A light that continues to illuminate
NEW YORK, New York — He was born poor and he died poor, not having materially profited from his service to a revolutionary government and his country that he envisioned as a just, humane and independent nation. He refused to pledge allegiance to a Western power that crossed the Pacific bent on an imperialist takeover, claiming that this was for the benefit of a captive brown race at the same time that that power betrayed its own revolutionary origins.
I refer to Apolinario Mabini, whose 150th birth anniversary is this month. A man usually described as the “brains of the revolution” and the “Sublime Paralytic,” he was by no means an ilustrado. Mabini had his roots deep in the soil of the Southern Tagalog province of Batangas, having been born to a family of subsistence farmers from the barrio of Talaga in the township of Tanauan.
By dint of hard work—his lack of funds at times meant he dropped out periodically to earn money for his tuition—and his brilliant intellect, he earned his Bachelor of Arts with the highest honors, or summa cum laude, from San Juan de Letran, and later on obtained a law degree from the University of Santo Tomas, and a license to practice law.
In the largely ilustrado pantheon of 1896, he and Andres Bonifacio, an urban prole from Tondo, stick out like sore thumbs. The two would have known each other, as both had joined Rizal’s La Liga Filipina. With Rizal’s exile to Mindanao, Mabini favored La Liga Filipina staying on the reformist path while Bonifacio advocated taking up arms against Spain. Bonifacio was dead by the time Mabini became Emilio Aguinaldo’s chief adviser just before the declaration of independence in June of 1898, convinced now that force of arms was necessary to gain independence. Aguinaldo, hearing of Mabini’s brilliant legal mind, recruited him to navigate the tricky course towards independence. One of the first things Mabini did was to convince Aguinaldo to change the designation of his administration, from dictatorial to that of revolutionary, to emphasize both the turmoil of the times and the transition to a representative government.
And how did the Batangueño get to Kawit, given his semi-paralysis? He was carted there, in a hammock, by relays of men.
When the Aguinaldo government relocated to Malolos where the first Congress was convened, Mabini rubbed shoulders and matched wits with its well-born members, to many of whom if not most, he was clearly superior in intellect, vision and integrity. The men of property viewed Mabini with upper-class disdain and not a little bit of envy, for his position close to the chief executive. Nick Joaquin, in his provocative A Question of Heroes—a book at once entertaining, original and enlightening—in fact considers Mabini “a power behind the throne.” In the chapter entitled “Mabini the Mystery,” Joaquin points out that unlike ilustrados such as Rizal and the Luna brothers who had lived in Europe, “all [Mabini’s] training was done right here in his own country. The evidence of Mabini’s generation was that it could handle the affairs of government with only the education it had acquired locally. It no longer needed Europe.”
To honor him, the Philippine Consulate General of New York recently arranged a tertulia at the Center on Fifth Avenue, a kind of town hall gathering with several speakers, including Consul General Mario de Leon, Jr., the actress and singer Lorli Villanueva, Ms. Ilo Wallenstein (a native also of Mabini’s province), Mrs. Fe Cabactulan, Arianne Recto and myself, to lay the groundwork for a discussion of Mabini’s life and his relevance to contemporary times. Musical interludes were provided by Ms. Kay Habana and Mr. Geuel Maranan Peñalosa.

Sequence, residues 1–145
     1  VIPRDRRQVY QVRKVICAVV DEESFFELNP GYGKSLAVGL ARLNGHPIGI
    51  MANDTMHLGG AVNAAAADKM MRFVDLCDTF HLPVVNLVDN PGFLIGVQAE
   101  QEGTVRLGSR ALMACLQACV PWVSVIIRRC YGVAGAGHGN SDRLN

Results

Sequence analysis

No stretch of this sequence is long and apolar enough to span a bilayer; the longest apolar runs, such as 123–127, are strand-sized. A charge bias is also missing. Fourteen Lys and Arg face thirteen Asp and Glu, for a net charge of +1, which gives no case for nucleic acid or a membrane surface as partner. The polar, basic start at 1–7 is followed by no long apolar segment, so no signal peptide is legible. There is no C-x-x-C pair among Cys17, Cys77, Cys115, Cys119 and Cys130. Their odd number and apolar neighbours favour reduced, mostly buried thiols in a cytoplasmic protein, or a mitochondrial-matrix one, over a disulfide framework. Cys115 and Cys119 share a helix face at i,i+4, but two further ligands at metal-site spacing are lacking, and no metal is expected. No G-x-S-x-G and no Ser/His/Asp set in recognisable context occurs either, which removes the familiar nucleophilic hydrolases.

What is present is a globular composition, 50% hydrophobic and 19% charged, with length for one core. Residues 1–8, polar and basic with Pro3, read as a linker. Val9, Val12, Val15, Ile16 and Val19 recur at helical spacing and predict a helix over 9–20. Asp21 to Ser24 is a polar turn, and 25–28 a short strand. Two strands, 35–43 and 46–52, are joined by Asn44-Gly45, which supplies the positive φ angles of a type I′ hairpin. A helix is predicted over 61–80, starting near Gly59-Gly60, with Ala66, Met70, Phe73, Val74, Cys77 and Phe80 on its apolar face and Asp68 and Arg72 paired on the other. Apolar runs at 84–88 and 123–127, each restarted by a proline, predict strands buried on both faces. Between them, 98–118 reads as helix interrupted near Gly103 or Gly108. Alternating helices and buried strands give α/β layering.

The Consul General expounded on Mabini’s historic role as the first Secretary of Foreign Affairs; Villanueva, on how Mabini’s disability didn’t deter him from his fulfilling his duties to the nation-in-progress; Cabactulan and Recto read his True Decalogue in Tagalog and English, respectively; and Ms. Wallenstein provided humorous commentaries in Tagalog on Mabini’s life in an inimitable Batangas accent.
Out of the myriad complexities that marked this man, many of which Joaquin details in his book, what struck me was his devotion to the cause no longer of the revolution but of the war against the United States, always from the point of view of what was not only legal but moral as well—Mabini was the complete opposite of the shyster lawyer—hence the Dekalogo, written both as a kind of political manifesto and a prescription of right behavior.
His devotion meant being arrested by the gringos for continuing to advocate independence. He was released but exiled a few months later, in January of 1901, to the Marianas, as he refused to pledge allegiance to an unlawful, unrepresentative government. In February of 1903, he finally acquiesced to the pledge as he wished to return to Manila, knowing he was at death’s door and wanting to die in his homeland. He passed away on May 13, 1903, shortly after his return, from complications due to cholera.
I remember passing by the great man’s simple nipa home by the old Nagtahan Bridge spanning the Pasig River, and not far from Malacañang Palace. The bridge was a rickety wooden affair, and motor vehicles were not allowed to traverse it, and so one took a jeepney to either side, and alit once at the bridge and crossed on foot, either to Santa Mesa or to Pandacan. The residence seemed forlorn, unlit, and in disrepair, a far cry from the spacious upper class Calamba home of Rizal (today painted a hideous green) or the mansion-like residence of Emilio Aguinaldo in Kawit, Cavite. But its modest frame sheltered a brilliance that continues to burn brightly today.
Copyright L.H.Francia 2014
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